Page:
This review and others are posted at Inspiring Insomnia.
I kept waiting and waiting to like The Sea of Tranquility. It has one of the highest ratings on Goodreads I’ve come across, with thousands of reviews, along with an overall 5-star rating on Amazon. But it never happened. I slogged through because of all the praise, but I was ultimately disappointed.
The main source of my disappointment was one of the two main characters/narrators, Nastya. Throughout the book, she references a horrible trauma without providing details. This trauma led her to stop speaking, turn her back on her family, dress like a “whore” (her words), and generally behave in an insufferably self-pitying matter. When the nature of the trauma is finally revealed at the very end of this too-long book, my reaction was, “That was it?” Don’t get me wrong; it was bad. Very bad. But Nastya’s own narration and behavior led me to believe that she endured suffering that was beyond comprehension. And…it just wasn’t. I think of people like those women kidnapped and held captive for more than a decade in Ohio, or people who survive accidents with horrific physical injuries. Short of death, what could be worse? Nastya can’t see beyond her own trauma to appreciate everything she DOES have, and it made it impossible for me to like her or sympathize with her.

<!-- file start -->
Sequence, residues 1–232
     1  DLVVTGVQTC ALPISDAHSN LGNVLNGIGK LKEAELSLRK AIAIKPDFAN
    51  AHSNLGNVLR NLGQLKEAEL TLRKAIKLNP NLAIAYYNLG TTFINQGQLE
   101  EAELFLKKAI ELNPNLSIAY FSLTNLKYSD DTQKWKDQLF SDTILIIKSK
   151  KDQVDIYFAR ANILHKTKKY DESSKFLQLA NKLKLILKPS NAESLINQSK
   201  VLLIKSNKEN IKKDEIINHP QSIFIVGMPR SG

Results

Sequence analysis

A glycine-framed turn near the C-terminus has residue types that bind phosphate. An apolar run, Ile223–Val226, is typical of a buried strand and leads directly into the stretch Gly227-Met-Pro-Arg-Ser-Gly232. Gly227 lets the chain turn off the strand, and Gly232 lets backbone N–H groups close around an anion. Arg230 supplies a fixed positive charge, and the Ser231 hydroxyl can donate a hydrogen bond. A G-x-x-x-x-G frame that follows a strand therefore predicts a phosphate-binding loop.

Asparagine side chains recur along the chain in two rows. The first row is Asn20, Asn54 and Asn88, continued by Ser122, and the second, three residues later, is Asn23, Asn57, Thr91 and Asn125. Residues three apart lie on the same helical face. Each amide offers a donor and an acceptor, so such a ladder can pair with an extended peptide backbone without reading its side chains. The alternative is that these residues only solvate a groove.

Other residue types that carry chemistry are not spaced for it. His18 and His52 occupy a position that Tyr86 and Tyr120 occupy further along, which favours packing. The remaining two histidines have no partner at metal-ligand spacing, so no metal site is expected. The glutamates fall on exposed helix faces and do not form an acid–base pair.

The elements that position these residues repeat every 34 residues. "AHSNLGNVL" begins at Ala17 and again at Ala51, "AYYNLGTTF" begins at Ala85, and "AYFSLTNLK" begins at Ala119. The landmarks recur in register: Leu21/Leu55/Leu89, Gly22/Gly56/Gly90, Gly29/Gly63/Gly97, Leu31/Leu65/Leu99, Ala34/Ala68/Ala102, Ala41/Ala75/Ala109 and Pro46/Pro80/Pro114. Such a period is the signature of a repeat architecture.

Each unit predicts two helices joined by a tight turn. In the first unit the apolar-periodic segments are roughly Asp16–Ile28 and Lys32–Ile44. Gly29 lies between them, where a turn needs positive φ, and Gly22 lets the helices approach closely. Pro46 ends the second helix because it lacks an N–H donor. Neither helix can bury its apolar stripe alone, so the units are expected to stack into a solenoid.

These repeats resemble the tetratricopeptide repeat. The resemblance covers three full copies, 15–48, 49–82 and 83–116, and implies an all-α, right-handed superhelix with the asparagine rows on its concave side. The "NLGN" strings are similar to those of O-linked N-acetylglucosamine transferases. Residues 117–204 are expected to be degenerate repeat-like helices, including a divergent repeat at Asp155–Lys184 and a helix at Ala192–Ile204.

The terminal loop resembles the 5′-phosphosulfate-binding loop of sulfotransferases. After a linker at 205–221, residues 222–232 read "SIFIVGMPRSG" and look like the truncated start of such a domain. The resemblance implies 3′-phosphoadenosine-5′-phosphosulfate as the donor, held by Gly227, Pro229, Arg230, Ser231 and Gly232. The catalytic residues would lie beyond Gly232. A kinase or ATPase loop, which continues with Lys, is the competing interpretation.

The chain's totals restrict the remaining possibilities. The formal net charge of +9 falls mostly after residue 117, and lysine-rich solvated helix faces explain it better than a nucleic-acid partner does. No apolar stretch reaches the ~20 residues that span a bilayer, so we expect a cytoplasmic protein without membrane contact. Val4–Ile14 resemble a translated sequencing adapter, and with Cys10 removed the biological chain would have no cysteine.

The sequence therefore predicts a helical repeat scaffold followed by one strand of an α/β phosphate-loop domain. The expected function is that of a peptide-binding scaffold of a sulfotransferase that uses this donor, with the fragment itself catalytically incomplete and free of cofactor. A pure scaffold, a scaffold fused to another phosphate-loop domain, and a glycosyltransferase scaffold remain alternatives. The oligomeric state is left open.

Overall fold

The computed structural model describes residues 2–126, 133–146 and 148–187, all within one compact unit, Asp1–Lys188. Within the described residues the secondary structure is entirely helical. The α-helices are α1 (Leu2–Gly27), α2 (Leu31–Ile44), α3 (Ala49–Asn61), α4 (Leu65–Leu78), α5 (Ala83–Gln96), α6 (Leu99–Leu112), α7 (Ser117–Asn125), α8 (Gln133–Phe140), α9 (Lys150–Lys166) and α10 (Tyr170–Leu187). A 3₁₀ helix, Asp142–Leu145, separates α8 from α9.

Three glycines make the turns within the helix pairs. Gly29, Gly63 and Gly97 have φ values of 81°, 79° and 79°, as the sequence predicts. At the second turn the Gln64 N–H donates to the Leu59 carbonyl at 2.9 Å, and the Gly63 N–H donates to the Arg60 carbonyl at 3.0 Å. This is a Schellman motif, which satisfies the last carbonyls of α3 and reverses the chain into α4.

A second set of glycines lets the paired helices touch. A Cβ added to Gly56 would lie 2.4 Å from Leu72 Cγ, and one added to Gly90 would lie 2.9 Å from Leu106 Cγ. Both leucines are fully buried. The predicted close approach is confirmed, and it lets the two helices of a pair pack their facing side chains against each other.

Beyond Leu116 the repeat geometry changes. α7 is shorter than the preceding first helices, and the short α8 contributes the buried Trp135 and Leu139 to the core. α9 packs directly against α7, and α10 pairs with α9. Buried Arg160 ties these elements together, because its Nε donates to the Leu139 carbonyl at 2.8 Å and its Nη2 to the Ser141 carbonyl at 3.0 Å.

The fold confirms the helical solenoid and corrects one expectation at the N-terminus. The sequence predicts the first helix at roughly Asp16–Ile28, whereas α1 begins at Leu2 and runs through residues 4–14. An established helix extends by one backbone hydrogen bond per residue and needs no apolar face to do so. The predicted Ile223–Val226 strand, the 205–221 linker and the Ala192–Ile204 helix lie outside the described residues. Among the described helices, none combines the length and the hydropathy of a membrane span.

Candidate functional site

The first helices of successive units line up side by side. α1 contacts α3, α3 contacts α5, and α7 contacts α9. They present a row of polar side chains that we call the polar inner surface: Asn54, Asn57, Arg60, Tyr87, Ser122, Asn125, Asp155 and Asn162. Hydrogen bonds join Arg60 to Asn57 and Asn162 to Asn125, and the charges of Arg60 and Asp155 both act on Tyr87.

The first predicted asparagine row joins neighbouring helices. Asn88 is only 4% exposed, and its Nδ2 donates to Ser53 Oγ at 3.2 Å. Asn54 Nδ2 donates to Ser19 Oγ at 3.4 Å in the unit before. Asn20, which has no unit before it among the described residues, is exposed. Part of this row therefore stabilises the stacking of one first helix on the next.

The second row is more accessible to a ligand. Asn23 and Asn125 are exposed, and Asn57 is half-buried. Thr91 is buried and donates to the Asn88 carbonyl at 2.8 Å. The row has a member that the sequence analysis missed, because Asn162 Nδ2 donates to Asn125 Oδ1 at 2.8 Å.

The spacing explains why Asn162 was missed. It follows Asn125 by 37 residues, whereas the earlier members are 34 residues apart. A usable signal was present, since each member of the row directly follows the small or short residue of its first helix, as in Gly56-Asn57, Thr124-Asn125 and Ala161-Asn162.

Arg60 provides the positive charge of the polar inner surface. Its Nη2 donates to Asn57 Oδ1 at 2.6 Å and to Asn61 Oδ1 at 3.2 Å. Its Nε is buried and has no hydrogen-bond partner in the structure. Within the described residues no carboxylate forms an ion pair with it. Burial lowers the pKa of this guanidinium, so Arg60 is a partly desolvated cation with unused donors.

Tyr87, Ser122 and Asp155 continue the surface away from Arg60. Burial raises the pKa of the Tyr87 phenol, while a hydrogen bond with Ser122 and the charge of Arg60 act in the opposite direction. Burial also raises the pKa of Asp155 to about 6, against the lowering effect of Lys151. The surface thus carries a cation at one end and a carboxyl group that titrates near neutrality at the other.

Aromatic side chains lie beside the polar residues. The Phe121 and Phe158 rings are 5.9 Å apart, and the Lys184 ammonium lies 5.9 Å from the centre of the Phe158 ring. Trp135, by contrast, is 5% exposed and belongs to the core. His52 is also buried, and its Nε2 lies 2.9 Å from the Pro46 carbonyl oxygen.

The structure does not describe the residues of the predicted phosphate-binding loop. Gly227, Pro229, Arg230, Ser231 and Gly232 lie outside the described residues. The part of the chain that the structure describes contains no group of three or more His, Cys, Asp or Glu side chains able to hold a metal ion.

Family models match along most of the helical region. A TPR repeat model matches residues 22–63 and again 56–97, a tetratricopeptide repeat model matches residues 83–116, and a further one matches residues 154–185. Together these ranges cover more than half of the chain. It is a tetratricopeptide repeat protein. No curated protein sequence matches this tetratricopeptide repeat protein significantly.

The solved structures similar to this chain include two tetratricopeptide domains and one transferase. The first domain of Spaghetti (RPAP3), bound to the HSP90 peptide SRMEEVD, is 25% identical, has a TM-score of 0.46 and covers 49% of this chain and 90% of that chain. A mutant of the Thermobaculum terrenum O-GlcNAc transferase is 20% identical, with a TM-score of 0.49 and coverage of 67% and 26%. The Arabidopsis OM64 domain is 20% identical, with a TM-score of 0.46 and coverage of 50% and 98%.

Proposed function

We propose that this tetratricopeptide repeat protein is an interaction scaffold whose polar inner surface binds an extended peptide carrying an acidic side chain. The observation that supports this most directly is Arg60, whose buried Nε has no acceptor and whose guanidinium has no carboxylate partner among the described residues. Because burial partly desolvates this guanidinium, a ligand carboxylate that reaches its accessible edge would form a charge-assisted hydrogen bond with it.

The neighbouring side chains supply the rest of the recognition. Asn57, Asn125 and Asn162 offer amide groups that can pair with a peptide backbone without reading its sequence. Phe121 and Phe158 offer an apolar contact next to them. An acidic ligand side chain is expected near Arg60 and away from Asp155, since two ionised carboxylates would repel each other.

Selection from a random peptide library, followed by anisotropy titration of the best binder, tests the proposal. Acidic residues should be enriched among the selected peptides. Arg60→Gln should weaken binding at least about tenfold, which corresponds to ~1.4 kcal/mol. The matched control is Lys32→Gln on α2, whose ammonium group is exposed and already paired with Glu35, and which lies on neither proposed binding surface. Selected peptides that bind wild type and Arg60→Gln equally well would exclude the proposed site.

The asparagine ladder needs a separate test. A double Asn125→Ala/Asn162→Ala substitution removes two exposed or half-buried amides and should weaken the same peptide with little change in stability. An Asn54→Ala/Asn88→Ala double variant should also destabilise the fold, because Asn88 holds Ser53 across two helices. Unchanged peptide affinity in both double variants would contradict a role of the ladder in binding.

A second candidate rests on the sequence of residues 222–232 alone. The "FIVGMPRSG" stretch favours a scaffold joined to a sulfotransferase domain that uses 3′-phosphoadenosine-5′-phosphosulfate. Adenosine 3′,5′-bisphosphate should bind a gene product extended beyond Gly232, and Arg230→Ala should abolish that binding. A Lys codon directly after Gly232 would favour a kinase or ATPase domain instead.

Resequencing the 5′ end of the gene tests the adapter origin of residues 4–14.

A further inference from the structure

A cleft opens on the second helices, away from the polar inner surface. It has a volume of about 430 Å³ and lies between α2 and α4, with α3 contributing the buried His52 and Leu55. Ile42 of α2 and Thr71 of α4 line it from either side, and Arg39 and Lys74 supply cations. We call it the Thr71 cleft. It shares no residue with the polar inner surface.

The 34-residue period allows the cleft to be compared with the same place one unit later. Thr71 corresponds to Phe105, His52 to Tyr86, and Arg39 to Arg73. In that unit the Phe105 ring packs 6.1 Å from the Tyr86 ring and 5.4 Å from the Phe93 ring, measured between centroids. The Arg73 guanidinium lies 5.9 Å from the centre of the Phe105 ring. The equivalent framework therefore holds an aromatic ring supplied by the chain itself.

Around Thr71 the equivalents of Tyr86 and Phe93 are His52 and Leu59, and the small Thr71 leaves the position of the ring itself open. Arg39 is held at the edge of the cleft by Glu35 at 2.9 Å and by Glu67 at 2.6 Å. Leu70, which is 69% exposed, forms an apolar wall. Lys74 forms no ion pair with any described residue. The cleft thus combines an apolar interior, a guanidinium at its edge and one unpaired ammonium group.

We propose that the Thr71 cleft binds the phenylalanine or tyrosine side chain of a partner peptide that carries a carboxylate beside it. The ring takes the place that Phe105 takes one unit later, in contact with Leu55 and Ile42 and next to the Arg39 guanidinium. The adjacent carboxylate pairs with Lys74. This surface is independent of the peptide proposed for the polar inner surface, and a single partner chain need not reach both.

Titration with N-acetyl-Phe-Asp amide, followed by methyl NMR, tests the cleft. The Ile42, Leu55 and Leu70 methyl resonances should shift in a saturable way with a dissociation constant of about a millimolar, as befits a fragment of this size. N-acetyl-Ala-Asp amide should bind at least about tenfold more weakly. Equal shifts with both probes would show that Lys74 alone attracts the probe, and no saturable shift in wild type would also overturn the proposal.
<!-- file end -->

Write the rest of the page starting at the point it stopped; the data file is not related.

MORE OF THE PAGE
An unlikable main character might be OK if her behavior made sense. Nastya’s lack of speech is presented as the focal point of the book and as evidence of her suffering. But one day, she suddenly decides to start talking to a character, even as she allows everyone else to think she’s mute. Her lack of speech seemed to me like nothing more than a means to garner attention and to punish the people who care about her. She tells us why she stopped speaking, but it didn’t make a lot of sense.
Josh, the other narrator, suffered equally, but differently, than Nastya. His story, even though it was overshadowed by Nastya’s, was the only thing that made this overly long story somewhat tolerable.
Note – I received an ARC from the publisher in exchange for an honest review.